Grocery store aisles, Instagram stories, and the general populace’s collective soul seem to begin oozing pumpkin the moment autumn (or more realistically, late summer) rolls around. From dog treats, to tortilla chips, to shampoo, pumpkin can be added to just about everything.

Cocktails are no exception. Come Spooky Season, many bartenders find themselves shaking and stirring up this beloved squash — some more willingly than others.

Like most things that have developed cult-like followings, there are plenty of people who love to hate what others love to love. But what do bartenders really think about using pumpkin in cocktails? Is it a useful ingredient that can impart flavor and seasonally fueled joy into a drink? Or, is it an over-hyped trend that should be limited to mass-produced lattes? To solve this autumnal conundrum, we asked 10 bartenders if pumpkin deserves a home in cocktails.

Get the latest in beer, wine, and cocktail culture sent straight to your inbox.

“I do not like pumpkin cocktails, but I blame that on my hatred of coffee and pumpkin spice — I think they’re overrated. I also don’t like pumpkin that much in general, unless it’s in pumpkin cheesecake, which is why I try to make any pumpkin drink I make taste like cheesecake. Fulton Pumpkin Liqueur is what I’ve used the most. As far as making your own, I just don’t think the texture is right and is often grainy. Mixing pumpkin liqueur with White Chocolate Godiva, vanilla vodka, and cream does make an OK drink that I know people are fans of. Like I said, I’m trying to get as close to cheesecake as possible. I do understand the appeal — it’s fall; pumpkins are pretty — but I’ll stick to my apple cider. Honestly, people like what they like — just don’t try to convince me I’m wrong if I don’t agree. However, pumpkin seeds would make an excellent bar snack.” —Camille Schaut, lead bartender, Chippewa Club, Iron Mountain, Mich.

“I don’t mind pumpkin in cocktails, I just don’t enjoy it when it tastes artificial and too sugary. My favorite way to use pumpkin in a cocktail is to not let it be so overpowering that it takes away from everything else in the drink. For example, in a cocktail we have on our menu, our Pumpkin Martini, we make our own pumpkin spice syrup in-house. We also use a house-infused vanilla vodka, a splash of Baileys, and heavy cream with a maple and graham cracker rim. A good pumpkin Old Fashioned is great as well. I’m more of a bourbon girl myself, so being able to pair a classic cocktail with a great pumpkin syrup during sweater weather is a win-win.” —Colleen White, bar manager, Caboose Tavern, Vienna, Va.

“The first thing I’d say is that pumpkin spice without pumpkin is very versatile. It’s basically just a cinnamon-forward, fall spice blend that you can substitute in places where you’d use a cinnamon or chai syrup. As for pumpkin itself, we actually found a really useful hack: baby food. We were looking for pumpkin puree in, like, August to start experimenting. When we couldn’t find canned pie mix, my boss stumbled upon organic squash baby food. The ingredients list is just 100 percent pureed squash with no salt or spices, so we could control the flavor. I think the concept of pairing pumpkin with dark rum is great and approachable because the general public is so familiar with the idea of ‘spiced rum.’ A pumpkin Dark ‘n Stormy is gonna play really well with that ginger being present in multiple levels of your drink. The warm fall flavors work great with whiskey drinks like Old Fashioneds, but if you’re using a puree, you might want to shake it. Stirring the pumpkin might lead to some separation once the drink has sat for a second. I think pumpkin is the poster child of the ‘anti-basic’ movement over the last 10 years or so. Just because something is ubiquitous and sweet and approachable, people treat hating it like a badge of honor and good taste. I’ve never felt it’s that deep.” —Ben Finkelstein, bartender/mixologist, Sonder Social Club, Dunedin, Fla.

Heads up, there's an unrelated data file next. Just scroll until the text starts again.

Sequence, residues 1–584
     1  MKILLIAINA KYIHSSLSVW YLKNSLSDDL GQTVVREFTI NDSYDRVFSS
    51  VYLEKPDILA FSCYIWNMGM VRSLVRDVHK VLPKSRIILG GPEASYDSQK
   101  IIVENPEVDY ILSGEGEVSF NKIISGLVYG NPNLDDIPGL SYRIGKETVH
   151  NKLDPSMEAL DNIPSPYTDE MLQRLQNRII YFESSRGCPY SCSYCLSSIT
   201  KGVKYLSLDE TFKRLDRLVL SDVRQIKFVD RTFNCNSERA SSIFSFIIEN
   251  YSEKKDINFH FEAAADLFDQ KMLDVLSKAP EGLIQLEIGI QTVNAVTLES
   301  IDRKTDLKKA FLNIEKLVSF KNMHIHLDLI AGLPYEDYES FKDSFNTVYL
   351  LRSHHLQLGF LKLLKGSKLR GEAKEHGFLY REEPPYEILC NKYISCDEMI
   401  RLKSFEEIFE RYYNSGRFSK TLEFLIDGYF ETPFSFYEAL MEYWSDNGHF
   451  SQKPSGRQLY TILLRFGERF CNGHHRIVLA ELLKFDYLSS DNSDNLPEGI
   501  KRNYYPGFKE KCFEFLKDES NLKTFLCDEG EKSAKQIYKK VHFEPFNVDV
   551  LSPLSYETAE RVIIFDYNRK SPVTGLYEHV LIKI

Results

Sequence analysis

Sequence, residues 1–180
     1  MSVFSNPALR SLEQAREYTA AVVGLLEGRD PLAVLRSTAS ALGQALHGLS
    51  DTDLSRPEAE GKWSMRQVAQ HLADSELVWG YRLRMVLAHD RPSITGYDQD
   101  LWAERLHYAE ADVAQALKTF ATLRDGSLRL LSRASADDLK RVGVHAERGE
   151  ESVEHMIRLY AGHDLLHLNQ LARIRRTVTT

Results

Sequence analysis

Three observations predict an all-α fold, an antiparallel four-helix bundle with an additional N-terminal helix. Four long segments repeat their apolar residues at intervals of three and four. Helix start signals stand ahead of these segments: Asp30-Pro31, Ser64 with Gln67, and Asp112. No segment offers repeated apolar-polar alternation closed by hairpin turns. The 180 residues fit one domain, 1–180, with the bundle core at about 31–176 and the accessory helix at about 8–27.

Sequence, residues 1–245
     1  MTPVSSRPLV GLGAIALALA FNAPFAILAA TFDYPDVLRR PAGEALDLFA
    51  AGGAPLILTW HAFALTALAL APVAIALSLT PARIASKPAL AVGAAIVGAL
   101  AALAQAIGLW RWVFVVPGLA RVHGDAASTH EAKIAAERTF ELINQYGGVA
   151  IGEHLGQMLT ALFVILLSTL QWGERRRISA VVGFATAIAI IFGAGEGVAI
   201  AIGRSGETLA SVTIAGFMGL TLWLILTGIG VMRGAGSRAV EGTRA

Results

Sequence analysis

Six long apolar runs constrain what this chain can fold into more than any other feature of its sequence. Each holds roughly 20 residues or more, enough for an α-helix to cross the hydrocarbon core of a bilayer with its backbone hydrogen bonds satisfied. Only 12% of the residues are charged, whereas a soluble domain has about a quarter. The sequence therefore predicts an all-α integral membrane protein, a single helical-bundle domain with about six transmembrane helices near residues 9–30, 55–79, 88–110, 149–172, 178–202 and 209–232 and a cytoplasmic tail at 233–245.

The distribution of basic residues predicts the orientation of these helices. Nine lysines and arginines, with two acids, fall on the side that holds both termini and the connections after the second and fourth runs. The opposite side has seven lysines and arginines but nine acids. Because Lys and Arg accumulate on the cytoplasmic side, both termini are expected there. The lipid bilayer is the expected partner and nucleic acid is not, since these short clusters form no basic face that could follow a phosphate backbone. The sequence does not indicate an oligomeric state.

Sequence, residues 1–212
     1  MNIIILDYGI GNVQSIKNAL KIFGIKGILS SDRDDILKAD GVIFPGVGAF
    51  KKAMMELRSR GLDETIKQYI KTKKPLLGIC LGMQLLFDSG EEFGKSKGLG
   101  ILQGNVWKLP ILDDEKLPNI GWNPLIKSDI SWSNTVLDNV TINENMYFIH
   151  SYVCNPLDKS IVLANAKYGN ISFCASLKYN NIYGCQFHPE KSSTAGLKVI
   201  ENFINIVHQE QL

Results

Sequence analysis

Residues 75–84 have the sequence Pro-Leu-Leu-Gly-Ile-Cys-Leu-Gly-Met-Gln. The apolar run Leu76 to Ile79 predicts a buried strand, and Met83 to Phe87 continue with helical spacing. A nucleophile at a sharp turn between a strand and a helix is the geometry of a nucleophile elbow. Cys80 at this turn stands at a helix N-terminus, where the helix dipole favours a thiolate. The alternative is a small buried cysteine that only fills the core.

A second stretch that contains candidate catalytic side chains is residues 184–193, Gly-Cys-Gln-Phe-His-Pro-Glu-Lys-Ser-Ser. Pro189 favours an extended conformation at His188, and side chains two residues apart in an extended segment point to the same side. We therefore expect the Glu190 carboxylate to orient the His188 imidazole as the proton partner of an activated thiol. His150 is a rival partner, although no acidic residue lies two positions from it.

“Pumpkin is fun to use because it is such a great canvas for showcasing other flavors. I like to use pumpkin to add some great texture to a cocktail while incorporating seasonal flavors like cinnamon, cloves, and nutmeg. I love seasonal drinks — pumpkin especially — but it seems like every year, the tidal wave of pumpkin spice comes earlier and earlier! So if you order a pumpkin cocktail in October, we are solid. But, if you are someone who starts the season in late August, I’m probably going to tease you a bit. This year, I’m really into pumpkin spiced latte cocktails. At the bar we’re featuring a Pumpkin Spiced White Russian Martini: vodka, Kahlua, and pumpkin topped with freshly whipped cream that’s been infused with pumpkin spice. I also enjoy making Espresso Martinis with Cognac, espresso, and pumpkin spice. It’s a little stiffer than the White Russian, but equally delicious!” —Tommy Caputo, bartender, Momento, Stroudsburg, Pa.

“I think customer expectations are quite important when deciding how to incorporate pumpkin in a cocktail, specifically in regard to texture. In most stirred drinks like an Old Fashioned or Manhattan, a smooth, velvety texture is expected, so it is important to maintain that texture by infusing pumpkin into the spirit or using a liqueur that doesn’t have much particulate. In shaken drinks like Daiquiris, or in built drinks that have thick ingredients like White Russians, a little bit of thickness from well-incorporated pumpkin won’t feel out of place. I’ll usually reach for compound syrups and purees that lend more body to the cocktail for those applications. I usually go for dark spirits, in keeping with the trends of the season. Last year, I made a Pumpkin Spice Daiquiri with aged Charanda Rum…  as a joke. Unfortunately for my pride, it was delicious and has been my favorite pumpkin cocktail ever since. I say, embrace the season! I understand those who want to steer clear of seasonal flavor hypes, but there’s no fun in being a killjoy. Also, never be afraid to get weird. It might suck; it might be awesome. This year, we’ll be serving up pumpkin spice Malort … I’m still not sure how I feel about it.” —Daniel Carlson, bar manager, Off The Wall Cafe, Park Ridge, Ill.